WORLD

Time to get the act together

ROBERT LEWIS February 8 1982
WORLD

Time to get the act together

ROBERT LEWIS February 8 1982

Time to get the act together

POLAND

External Affairs Minister Mark MacGuigan conceded the difficulty openly. “We’ve obviously had some problems with our public relations in discussing the Polish situation,” he acknowledged last week. Then, finally, Pierre Trudeau and MacGuigan sorted out their differences. They enunciated a new, firmer line that even drew kind words from Polish-Canadian leaders. The catalyst was a speech by Polish leader Gen. Wojciech Jaruzelski, which MacGuigan dismissed as “rather disappointing.” The reason: while

promising an end to martial law “as soon as possible,” Jaruzelski did not set a date and he held out no hope that Solidarity will re-emerge as an independent trade union. On top of that, U.S. Secretary of State Alexander Haig said, after talks with Soviet Foreign Minister Andrei Gromyko in Geneva, that the situation “casts a long, dark shadow” over East-West relations.

After more than a month of seemingly contradictory positions, Trudeau declared that he and four Polish-Canadian leaders had agreed that “there should be a relaxation and cessation of martial law”; that Solidarity and the Roman Catholic Church should be invited to join talks with Polish authorities; and that prisoners rounded up following the imposition of martial law last December should be released. Earlier, MacGuigan announced that Canada is now “open” to a study of a unified

application of economic sanctions against the Soviet Union. “We’re glad, finally, that the Canadian government has shifted its position,” said Jan Kaszuba, president of the Canadian Polish Congress.

More worrisome than the clash over approaches to Poland was the realization by insiders that the external affairs department’s historic ability to develop cogent, consistent policies had broken down. Accordingly, Trudeau scheduled a special session with foreign policy experts this week in an attempt to map out a more considered response to Polish developments.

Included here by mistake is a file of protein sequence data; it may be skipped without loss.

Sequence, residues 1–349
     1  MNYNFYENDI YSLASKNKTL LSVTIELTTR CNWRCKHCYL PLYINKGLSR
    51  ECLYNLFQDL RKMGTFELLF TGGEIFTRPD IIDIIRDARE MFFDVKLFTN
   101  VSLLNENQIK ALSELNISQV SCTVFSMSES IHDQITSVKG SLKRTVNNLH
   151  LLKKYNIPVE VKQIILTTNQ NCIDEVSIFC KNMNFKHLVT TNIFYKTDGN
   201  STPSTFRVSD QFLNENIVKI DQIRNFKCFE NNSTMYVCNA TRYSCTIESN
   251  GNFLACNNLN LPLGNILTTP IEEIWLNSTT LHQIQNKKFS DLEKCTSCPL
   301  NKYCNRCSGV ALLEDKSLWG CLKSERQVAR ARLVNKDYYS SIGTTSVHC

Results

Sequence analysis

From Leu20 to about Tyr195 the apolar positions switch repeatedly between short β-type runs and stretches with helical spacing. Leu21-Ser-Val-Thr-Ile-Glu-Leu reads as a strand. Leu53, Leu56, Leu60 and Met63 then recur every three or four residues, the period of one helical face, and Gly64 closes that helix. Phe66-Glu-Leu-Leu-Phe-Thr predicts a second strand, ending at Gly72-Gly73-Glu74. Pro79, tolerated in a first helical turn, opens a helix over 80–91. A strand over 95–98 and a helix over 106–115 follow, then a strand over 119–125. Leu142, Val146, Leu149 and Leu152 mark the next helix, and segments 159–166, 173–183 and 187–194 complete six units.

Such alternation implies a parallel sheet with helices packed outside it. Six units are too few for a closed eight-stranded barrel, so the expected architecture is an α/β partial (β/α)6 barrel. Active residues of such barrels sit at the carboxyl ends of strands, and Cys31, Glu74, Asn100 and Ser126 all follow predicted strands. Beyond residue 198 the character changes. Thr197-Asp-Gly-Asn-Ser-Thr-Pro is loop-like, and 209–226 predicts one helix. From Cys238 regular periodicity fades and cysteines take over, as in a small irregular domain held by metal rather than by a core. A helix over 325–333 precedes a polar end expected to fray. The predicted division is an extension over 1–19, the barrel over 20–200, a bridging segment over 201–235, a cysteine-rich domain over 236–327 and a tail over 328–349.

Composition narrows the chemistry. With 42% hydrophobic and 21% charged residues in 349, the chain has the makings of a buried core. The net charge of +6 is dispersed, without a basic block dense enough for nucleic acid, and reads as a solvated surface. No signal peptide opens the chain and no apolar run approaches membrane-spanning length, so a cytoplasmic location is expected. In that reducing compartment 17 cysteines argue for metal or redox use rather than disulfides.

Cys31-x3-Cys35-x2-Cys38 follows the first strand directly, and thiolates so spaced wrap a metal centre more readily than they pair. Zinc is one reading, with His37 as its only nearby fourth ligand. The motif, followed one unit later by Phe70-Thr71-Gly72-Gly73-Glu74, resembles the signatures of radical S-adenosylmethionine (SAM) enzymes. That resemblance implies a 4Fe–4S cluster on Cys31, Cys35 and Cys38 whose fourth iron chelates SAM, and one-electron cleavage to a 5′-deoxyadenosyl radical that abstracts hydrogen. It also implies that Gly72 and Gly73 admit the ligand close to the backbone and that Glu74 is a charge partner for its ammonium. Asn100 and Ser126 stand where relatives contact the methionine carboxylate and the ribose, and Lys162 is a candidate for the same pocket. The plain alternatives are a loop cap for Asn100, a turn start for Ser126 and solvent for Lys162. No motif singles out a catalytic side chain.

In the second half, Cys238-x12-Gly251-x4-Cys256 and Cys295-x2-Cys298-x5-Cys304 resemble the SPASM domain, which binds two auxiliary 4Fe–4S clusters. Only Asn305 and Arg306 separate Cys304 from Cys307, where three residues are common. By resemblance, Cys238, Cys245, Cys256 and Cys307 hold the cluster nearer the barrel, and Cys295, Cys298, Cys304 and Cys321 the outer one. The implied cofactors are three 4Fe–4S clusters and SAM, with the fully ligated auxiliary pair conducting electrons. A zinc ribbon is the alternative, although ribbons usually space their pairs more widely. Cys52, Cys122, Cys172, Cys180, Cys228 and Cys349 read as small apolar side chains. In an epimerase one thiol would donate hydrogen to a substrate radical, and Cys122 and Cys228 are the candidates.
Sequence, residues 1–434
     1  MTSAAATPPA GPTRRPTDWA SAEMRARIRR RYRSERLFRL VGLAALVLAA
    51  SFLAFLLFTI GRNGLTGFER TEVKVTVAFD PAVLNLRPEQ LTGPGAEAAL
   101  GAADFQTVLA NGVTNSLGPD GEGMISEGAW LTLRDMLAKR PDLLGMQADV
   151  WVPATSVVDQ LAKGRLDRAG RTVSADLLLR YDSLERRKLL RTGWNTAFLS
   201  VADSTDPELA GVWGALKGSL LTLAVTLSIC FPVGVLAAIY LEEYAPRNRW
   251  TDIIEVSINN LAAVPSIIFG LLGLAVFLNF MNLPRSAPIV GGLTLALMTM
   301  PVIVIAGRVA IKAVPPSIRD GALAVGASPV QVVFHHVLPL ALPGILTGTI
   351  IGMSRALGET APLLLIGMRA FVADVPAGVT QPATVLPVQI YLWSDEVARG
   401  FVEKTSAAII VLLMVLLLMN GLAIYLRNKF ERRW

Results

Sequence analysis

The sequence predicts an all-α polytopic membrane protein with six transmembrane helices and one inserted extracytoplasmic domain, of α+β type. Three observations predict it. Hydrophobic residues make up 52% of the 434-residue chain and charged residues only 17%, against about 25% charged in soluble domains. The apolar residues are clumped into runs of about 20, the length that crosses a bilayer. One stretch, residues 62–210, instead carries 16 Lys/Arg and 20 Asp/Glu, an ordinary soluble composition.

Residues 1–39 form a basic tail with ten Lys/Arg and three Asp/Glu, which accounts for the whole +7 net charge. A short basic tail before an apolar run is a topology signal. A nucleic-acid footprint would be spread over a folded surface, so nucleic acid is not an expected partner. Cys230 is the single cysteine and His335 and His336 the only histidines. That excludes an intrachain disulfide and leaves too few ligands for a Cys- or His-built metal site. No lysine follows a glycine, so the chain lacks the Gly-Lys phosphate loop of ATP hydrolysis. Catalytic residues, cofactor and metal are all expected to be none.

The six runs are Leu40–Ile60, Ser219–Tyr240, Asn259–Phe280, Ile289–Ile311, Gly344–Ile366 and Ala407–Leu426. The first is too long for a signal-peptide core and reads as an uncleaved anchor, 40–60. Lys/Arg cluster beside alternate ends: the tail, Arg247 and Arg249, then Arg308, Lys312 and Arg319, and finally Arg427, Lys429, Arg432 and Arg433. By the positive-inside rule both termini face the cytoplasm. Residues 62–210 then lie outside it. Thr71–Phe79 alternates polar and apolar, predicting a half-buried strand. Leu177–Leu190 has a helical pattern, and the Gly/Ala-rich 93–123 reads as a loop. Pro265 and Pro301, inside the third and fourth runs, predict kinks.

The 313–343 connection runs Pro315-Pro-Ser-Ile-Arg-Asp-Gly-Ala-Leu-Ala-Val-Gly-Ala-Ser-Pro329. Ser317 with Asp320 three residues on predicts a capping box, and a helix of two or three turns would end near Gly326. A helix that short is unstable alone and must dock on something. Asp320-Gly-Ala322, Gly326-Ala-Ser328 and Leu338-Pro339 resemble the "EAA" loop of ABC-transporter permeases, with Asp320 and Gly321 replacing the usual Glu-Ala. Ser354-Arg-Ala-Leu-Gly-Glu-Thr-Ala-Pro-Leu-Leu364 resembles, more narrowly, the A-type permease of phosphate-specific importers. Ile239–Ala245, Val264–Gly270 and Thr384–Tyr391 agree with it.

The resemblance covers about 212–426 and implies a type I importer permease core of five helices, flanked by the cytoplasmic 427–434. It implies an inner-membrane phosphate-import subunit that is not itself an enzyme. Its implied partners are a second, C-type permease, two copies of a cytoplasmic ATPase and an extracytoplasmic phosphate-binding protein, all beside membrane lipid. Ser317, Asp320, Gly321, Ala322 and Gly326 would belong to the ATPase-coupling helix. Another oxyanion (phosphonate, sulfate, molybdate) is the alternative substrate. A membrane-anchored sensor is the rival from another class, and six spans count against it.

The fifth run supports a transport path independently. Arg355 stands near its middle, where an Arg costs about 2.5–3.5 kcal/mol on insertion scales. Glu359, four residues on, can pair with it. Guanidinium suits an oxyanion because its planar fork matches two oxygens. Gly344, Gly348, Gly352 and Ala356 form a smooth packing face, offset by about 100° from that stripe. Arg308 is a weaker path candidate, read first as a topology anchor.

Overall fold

They will need to act fast if they are to keep up with the allies, let alone the Polish situation. At week’s end, France let it be known that, like West Germany, it opposes sanctions. And while Jaruzelski’s announcement seemed unbending, it was widely seen in Europe as a defensive move in advance of huge price increases due to go into effect this

week. This week, the cost of basic foodstuffs, energy and home utilities was due to increase by as much as 500 per cent. Jaruzelski is unlikely to have forgotten that far less devastating increases get several of his predecessors into serious trouble with angry Poles.

Moreover, while Haig appeared to have gained little satisfaction from his lengthy talks with Gromyko, European commentators noted that the Soviet foreign minister had abandoned his customary reserve sufficiently to note that the U.S.-Soviet confrontation had not yet grown so acute as to revive the Cold War. “All is not lost yet,” he said, and observers took his words as a sign that some progress had been made on Poland.

For its part, Ottawa’s new line flowed from a month-long clash behind the scenes between Trudeau and MacGuigan which, in turn, was reflected down the ranks of the foreign policy bureaucracy. On the one hand, there was

Pierre Trudeau, the honorable member from realpolitik, who accepted the postYalta theory of “spheres of influence” and maintained that martial law was better than a Soviet invasion. “You either accept what’s happened in Europe in the past 40 years, or you don’t,” says a Trudeau supporter. On the other hand, there was the more hawkish MacGuigan, a cool warrior who leaned to the AÍ Haig school of Red-bashing. MacGuigan finally persuaded Trudeau that the return to normalcy in Poland, as the prime minister put it, “is not evolving fast enough.”

Domestic politics clearly played a role in last week’s new line. Because of outrage in constituencies with big Polish votes, James Fleming, minister of

state for multiculturalism, urged Trudeau to make peace with the Polish leaders. But Trudeau’s original stance, intriguingly, was shaped by another bit of domestic reality: he too used troops to put down apprehended trouble. As the prime minister allowed in. the Commons last week: “I do not believe that in advance we can or should condemn the use of troops by any of our friends, if it is to avoid a worse result. We have used them under the War Measures Act in 1970.” The “scope,” he said, was different. But for Trudeau, the thorny Polish issue posed the same dilemma—“we must ask ourselves if there was a better scenario.” —ROBERT LEWIS

Peter Lewis

Iain Guest